Two years after her father's homicide, daughter keeps asking ‘Why?’

  • Natashia Guzman appears on the screen of a smartphone during a recent interview, the first time she has spoken publicly about the death her father Wilfred Guzman Sr. who authorities allege was murdered. Friends on hand for the interview, from left are: Katie Hand, Jayme Roy, and Karen Vaillancourt. Michael Mortensen / Laconia Daily Sun

  • Wilfred Guzman Sr., left, and Hassan Sapry pose for a photograph while on a hike in the White Mountains. Sapry has been charged with killing Guzman in April 2019. Courtesy

The Laconia Daily Sun
Published: 6/30/2021 5:01:09 PM

Just hours after Natashia Guzman learned on April 19, 2019, that her father, Wilfred Guzman Sr., had been found dead in his Blueberry Lane apartment after an obviously brutal struggle, she reached out to her friends to share the tragic news. One of the people she called was Hassan Sapry.

“He was shocked and surprised,” she said of Sapry’s reaction to the news. “He said he couldn’t understand how something like that could have happened. He comforted me, actually.”

“I sent him a picture of me, dad and him hiking,” Natashia recalled during her first interview since her father’s death more than two years ago. “He replied on Friday, and Saturday, and early Sunday morning, but afterward he stopped replying to me.”

Hours after that last communication, investigators interviewed her at the Laconia Police Department. During that interview she learned that authorities wanted to question Sapry about her father’s murder.

Five days later, on April 26, Sapry was arrested. The following Monday, Sapry waived arraignment on a charge of first-degree murder and was ordered held in preventive detention in the Belknap County Jail, where he has been ever since.

For more than two years now, Natashia has been trying to make sense of the allegations against Sapry – whom she considered a good friend – as well as adjusting to the loss of her father, who was her world.

She has struggled to cope with the periodic news stories that were published as state prosecutors repeatedly asked for and received the court’s permission to take more time before presenting their case against Sapry to a grand jury for an indictment. That indictment finally came two months ago when Sapry was charged with first-degree murder, second-degree murder, falsifying evidence, and credit card fraud.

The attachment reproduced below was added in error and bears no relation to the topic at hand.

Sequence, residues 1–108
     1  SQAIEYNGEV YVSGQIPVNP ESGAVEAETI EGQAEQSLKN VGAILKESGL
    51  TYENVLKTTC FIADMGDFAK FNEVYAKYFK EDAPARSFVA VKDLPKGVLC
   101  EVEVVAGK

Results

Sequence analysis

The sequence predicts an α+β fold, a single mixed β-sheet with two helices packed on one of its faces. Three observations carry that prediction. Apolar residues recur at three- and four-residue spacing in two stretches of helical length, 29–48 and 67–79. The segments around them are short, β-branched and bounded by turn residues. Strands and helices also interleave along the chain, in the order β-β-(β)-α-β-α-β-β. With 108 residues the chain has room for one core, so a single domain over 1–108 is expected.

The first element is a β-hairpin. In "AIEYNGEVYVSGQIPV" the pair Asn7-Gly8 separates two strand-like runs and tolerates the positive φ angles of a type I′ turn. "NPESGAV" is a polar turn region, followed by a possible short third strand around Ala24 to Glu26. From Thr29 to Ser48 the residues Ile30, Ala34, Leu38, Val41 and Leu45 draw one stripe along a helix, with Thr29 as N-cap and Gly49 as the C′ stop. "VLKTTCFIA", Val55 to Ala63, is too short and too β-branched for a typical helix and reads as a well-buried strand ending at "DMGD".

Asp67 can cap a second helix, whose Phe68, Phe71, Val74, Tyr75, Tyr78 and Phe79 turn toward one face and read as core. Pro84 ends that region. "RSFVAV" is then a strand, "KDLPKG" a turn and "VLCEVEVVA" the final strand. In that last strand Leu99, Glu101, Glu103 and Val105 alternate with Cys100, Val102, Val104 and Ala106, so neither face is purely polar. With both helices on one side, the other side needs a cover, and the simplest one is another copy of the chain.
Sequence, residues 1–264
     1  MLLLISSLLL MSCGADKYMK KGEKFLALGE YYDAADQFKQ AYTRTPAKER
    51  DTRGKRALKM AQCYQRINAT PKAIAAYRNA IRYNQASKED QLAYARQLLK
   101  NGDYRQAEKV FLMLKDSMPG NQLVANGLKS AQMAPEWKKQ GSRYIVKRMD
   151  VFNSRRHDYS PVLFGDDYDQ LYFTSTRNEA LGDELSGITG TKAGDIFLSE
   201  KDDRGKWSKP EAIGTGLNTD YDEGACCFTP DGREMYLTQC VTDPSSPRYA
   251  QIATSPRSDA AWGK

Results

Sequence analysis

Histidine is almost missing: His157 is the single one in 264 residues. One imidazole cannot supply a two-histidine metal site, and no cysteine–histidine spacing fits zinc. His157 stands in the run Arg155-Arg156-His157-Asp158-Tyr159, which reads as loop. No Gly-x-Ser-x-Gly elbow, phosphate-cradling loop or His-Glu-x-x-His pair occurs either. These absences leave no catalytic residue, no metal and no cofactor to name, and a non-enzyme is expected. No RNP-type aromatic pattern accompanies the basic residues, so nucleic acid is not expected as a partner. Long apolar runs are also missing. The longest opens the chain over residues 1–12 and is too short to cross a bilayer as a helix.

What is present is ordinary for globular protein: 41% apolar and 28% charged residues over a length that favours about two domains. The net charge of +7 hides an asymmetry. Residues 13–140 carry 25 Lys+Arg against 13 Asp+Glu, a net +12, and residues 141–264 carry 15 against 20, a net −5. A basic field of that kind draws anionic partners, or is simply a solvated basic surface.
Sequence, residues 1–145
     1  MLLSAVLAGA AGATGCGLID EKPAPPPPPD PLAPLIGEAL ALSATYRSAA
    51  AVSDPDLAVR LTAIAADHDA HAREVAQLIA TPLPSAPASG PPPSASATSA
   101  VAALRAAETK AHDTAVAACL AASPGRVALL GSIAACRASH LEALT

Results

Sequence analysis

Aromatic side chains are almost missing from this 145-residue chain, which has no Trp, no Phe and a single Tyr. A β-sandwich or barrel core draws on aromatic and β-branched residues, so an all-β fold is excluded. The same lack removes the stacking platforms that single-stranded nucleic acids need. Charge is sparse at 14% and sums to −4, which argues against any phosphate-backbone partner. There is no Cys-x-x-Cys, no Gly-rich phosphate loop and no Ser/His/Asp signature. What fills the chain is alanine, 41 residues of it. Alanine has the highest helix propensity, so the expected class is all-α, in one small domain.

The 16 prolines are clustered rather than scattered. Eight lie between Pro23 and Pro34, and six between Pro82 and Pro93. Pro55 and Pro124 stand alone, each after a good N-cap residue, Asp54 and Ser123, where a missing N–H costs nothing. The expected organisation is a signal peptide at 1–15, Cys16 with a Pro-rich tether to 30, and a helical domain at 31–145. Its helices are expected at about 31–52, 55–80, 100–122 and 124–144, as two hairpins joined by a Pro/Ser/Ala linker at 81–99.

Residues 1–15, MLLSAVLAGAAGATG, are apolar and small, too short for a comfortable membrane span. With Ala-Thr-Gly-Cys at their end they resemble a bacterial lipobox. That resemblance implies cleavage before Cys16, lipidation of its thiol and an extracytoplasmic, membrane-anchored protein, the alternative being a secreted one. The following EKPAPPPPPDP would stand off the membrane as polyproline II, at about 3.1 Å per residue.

A few days after the indictments were issued, the court unsealed a lengthy document that detailed how Wilfred Guzman died.

The news story, published in The Daily Sun, about the contents of that affidavit was the first time she heard just how horrible her father’s death had been.

“When I picked up the paper I had a panic attack,” she said during a lengthy interview she gave last week, along with friends Jayme Roy, Katie Hand, and Karen Vaillancourt. Hand, Roy and Vaillancourt gathered in Hand’s Lakeport apartment. Guzman joined in via video call from Texas, where for more than a year she has been living with relatives as she tries to put her life back together.

“I have trouble relating to people because of the anxiety,” she said.

But in spite of the continuing grief, Natashia says it’s important for people to know about her father, who loved his family and worked hard to support them.

“He was responsible, hard-working, comedic, disciplined, generous, and kind and warm,” she said.

When Wilfred Guzman Sr. came to Laconia in 2007, it was to visit.

“He fell in love with the place,” his daughter said.

Eventually, he left his job as a baggage handler at John F. Kennedy International Airport in New York City. After he got settled in Laconia, he worked an assortment of jobs. Then he took a job working the front desk at TownePlace Suites in Gilford, where he met Roy. Later he moved on, working as a traveling computer network technician, and in the printing department of the Staples store in Tilton.

Even with the sometimes-hectic work schedule, Natashia said her father was always there for her. He went with her when she got her prom dress, and even accompanied her when she had her nails done.

“I was joined at the hip with my dad,” she said.

Natashia, who is now 22, arrived in Laconia in 2010 and entered the sixth grade at Laconia Middle School. It was there she met Hassan Sapry.